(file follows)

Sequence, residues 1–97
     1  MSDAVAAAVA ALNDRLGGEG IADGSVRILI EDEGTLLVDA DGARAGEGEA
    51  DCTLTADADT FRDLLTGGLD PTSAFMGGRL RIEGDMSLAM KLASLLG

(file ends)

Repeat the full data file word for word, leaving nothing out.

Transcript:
Sequence, residues 1–97
     1  MSDAVAAAVA ALNDRLGGEG IADGSVRILI EDEGTLLVDA DGARAGEGEA
    51  DCTLTADADT FRDLLTGGLD PTSAFMGGRL RIEGDMSLAM KLASLLG